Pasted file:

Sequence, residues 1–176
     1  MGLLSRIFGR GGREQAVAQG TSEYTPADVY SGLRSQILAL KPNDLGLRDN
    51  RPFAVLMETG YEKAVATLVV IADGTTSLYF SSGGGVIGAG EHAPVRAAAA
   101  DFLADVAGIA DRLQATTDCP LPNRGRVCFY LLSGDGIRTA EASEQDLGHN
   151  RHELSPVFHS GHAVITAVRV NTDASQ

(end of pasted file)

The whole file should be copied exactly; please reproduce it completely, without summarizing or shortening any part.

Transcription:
Sequence, residues 1–176
     1  MGLLSRIFGR GGREQAVAQG TSEYTPADVY SGLRSQILAL KPNDLGLRDN
    51  RPFAVLMETG YEKAVATLVV IADGTTSLYF SSGGGVIGAG EHAPVRAAAA
   101  DFLADVAGIA DRLQATTDCP LPNRGRVCFY LLSGDGIRTA EASEQDLGHN
   151  RHELSPVFHS GHAVITAVRV NTDASQ